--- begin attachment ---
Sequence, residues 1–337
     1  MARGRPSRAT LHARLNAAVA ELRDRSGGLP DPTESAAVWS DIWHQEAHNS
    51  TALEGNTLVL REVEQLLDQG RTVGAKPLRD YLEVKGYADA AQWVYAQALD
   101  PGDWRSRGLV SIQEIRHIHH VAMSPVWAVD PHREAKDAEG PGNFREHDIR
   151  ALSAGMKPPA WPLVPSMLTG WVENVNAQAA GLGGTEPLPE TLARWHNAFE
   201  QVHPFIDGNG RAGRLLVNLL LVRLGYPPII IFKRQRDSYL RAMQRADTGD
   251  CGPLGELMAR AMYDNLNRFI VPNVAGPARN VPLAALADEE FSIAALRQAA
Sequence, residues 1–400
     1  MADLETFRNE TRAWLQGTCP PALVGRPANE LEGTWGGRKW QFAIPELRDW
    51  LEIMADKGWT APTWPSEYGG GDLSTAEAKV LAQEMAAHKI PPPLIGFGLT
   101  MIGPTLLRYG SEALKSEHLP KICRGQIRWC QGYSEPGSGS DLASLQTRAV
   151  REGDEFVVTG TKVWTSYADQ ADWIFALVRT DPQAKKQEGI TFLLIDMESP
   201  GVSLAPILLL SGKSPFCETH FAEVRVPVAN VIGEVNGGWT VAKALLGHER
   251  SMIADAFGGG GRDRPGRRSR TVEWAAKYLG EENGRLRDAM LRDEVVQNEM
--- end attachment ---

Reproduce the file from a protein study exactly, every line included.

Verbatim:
Sequence, residues 1–337
     1  MARGRPSRAT LHARLNAAVA ELRDRSGGLP DPTESAAVWS DIWHQEAHNS
    51  TALEGNTLVL REVEQLLDQG RTVGAKPLRD YLEVKGYADA AQWVYAQALD
   101  PGDWRSRGLV SIQEIRHIHH VAMSPVWAVD PHREAKDAEG PGNFREHDIR
   151  ALSAGMKPPA WPLVPSMLTG WVENVNAQAA GLGGTEPLPE TLARWHNAFE
   201  QVHPFIDGNG RAGRLLVNLL LVRLGYPPII IFKRQRDSYL RAMQRADTGD
   251  CGPLGELMAR AMYDNLNRFI VPNVAGPARN VPLAALADEE FSIAALRQAA
Sequence, residues 1–400
     1  MADLETFRNE TRAWLQGTCP PALVGRPANE LEGTWGGRKW QFAIPELRDW
    51  LEIMADKGWT APTWPSEYGG GDLSTAEAKV LAQEMAAHKI PPPLIGFGLT
   101  MIGPTLLRYG SEALKSEHLP KICRGQIRWC QGYSEPGSGS DLASLQTRAV
   151  REGDEFVVTG TKVWTSYADQ ADWIFALVRT DPQAKKQEGI TFLLIDMESP
   201  GVSLAPILLL SGKSPFCETH FAEVRVPVAN VIGEVNGGWT VAKALLGHER
   251  SMIADAFGGG GRDRPGRRSR TVEWAAKYLG EENGRLRDAM LRDEVVQNEM